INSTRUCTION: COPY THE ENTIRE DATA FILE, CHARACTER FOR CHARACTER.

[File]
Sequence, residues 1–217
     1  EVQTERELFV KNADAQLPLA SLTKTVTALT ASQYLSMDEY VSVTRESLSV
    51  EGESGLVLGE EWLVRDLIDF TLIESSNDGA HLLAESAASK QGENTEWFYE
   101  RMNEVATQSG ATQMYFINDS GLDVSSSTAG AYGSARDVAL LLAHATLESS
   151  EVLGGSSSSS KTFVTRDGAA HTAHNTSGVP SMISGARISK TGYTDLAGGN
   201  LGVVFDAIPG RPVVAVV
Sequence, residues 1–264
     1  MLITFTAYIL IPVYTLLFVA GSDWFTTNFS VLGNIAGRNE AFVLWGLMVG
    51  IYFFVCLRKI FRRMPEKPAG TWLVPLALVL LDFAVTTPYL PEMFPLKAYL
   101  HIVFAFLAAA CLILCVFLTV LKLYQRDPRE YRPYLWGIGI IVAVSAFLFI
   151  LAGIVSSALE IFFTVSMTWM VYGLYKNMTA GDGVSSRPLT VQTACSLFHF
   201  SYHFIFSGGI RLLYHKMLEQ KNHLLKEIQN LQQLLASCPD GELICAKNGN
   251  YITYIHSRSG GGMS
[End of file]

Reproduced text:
Sequence, residues 1–217
     1  EVQTERELFV KNADAQLPLA SLTKTVTALT ASQYLSMDEY VSVTRESLSV
    51  EGESGLVLGE EWLVRDLIDF TLIESSNDGA HLLAESAASK QGENTEWFYE
   101  RMNEVATQSG ATQMYFINDS GLDVSSSTAG AYGSARDVAL LLAHATLESS
   151  EVLGGSSSSS KTFVTRDGAA HTAHNTSGVP SMISGARISK TGYTDLAGGN
   201  LGVVFDAIPG RPVVAVV
Sequence, residues 1–264
     1  MLITFTAYIL IPVYTLLFVA GSDWFTTNFS VLGNIAGRNE AFVLWGLMVG
    51  IYFFVCLRKI FRRMPEKPAG TWLVPLALVL LDFAVTTPYL PEMFPLKAYL
   101  HIVFAFLAAA CLILCVFLTV LKLYQRDPRE YRPYLWGIGI IVAVSAFLFI
   151  LAGIVSSALE IFFTVSMTWM VYGLYKNMTA GDGVSSRPLT VQTACSLFHF
   201  SYHFIFSGGI RLLYHKMLEQ KNHLLKEIQN LQQLLASCPD GELICAKNGN
   251  YITYIHSRSG GGMS